Meanwhile, in the halls of Wadsworth, linoleum is cracked, the ceilings are stained, and shouting students are shouted down by louder teachers, in front of a sign that reads prominently, "Quiet Please!" Many parents don't show up for meetings of the school's management committee or for teacher conferences, and only a handful have computers at home. Here among noise and confusion and peeling paint, the New Economy seems very far away.
The information revolution has passed many U.S. schools by. While office workers write the smallest of memos onscreen and allow spreadsheets to calculate their expense accounts, teachers and students still do much of their work with pencil, pen, and paper. Math and science education, staples of the so-called New Economy are still substandard in America, and U.S. engineering schools produce so few graduates that high-tech companies routinely recruit in India, Pakistan, and other overseas locations. Businesses are frustrated with schools, and they don't mind talking about it.
As then-President-elect George W. Bush discovered when he convened a January summit of high-tech executives to talk about the economy. What he heard was an earful about education and the tech workforce. "If we don't fix [the education system], the jobs will move to where the best-educated workforce is in other countries," Cisco Systems president John Chambers said after the Austin meeting. "It won't be jobs in California versus North Caro-lina or Boston. It will be jobs in the U.S. versus jobs in India, or jobs in Jordan, or jobs in the U.K. And we believe we've got about a decade to fix this."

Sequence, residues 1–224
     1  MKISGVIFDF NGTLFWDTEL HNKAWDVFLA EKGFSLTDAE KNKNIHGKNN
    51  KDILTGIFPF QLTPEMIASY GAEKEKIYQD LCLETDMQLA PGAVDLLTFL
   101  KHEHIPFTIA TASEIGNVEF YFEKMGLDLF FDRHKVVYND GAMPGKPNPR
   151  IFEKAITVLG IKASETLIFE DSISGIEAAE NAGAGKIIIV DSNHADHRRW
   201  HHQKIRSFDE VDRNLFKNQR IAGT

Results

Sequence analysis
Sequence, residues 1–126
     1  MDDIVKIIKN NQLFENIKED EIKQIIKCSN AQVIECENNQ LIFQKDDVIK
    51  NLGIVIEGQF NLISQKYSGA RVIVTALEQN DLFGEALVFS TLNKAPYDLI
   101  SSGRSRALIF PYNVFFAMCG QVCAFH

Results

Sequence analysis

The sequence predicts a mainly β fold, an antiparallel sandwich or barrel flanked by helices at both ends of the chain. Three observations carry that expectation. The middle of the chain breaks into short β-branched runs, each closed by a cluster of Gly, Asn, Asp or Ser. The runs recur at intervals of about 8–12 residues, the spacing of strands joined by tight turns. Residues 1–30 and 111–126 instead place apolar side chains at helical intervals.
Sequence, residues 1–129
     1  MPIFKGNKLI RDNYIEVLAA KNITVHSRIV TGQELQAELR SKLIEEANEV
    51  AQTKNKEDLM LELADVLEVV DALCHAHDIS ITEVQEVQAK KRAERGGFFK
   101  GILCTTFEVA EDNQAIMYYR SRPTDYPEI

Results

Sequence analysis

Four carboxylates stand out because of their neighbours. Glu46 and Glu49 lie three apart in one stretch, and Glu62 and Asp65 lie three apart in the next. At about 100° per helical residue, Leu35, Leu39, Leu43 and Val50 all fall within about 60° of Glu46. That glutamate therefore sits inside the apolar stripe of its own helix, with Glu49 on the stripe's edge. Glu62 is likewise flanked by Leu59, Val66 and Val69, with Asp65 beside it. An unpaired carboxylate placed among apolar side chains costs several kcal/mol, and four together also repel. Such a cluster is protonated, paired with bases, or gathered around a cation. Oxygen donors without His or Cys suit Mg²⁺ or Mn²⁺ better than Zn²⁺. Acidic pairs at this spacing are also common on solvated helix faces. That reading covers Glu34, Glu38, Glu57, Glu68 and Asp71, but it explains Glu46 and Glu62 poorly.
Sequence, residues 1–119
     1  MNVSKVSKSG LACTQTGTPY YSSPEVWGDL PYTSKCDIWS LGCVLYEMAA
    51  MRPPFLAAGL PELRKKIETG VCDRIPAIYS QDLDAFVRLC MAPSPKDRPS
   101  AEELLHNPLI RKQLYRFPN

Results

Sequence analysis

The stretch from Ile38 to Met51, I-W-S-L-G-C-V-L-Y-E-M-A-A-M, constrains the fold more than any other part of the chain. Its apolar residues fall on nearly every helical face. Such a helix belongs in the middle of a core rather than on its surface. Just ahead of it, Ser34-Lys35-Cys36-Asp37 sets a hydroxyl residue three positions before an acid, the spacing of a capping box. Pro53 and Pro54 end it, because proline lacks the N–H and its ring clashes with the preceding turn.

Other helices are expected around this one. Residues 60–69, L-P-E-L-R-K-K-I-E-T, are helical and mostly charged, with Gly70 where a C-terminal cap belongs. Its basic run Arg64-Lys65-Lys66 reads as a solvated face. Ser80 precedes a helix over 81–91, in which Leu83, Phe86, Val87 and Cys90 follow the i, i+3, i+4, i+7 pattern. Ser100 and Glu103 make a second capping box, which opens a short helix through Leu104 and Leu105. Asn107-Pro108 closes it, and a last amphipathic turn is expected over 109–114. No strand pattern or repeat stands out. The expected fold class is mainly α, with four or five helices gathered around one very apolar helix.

The numbers are daunting. One projection of near-term worker needs, by Richard Judy of the Hudson Institute, suggests that 60 percent of future jobs will require training that only 20 percent of present U.S. workers possess. The fastest-growing occupations through 2008, according to the Bureau of Labor Statistics, are projected to be in technology and information management fields. At the same time, while the number of students graduating from college increased 24 percent since 1990, the number of graduates with technology-related degrees declined 2 percent, and the number of electrical engineering graduates dropped 37 percent. To make up the shortfall, employer training budgets have risen steadily, topping out at $62.5 billion in 1999 from $43.2 billion in 1991, according to the National Alliance of Business.
Math and science education, always a laggard in the U.S., is growing even more so. The most recent set of statistics from the U.S. Department of Education shows that more than half of students in other countries perform better in math and science than U.S. students - and the numbers frighten Keith Bailey, chairman of the National Alliance of Business. "American students have to be competitive in an international setting," Bailey says. "Globalization is very much a reality. There is no choice for states and districts but to commit support, time, and resources to [improving math and science education]."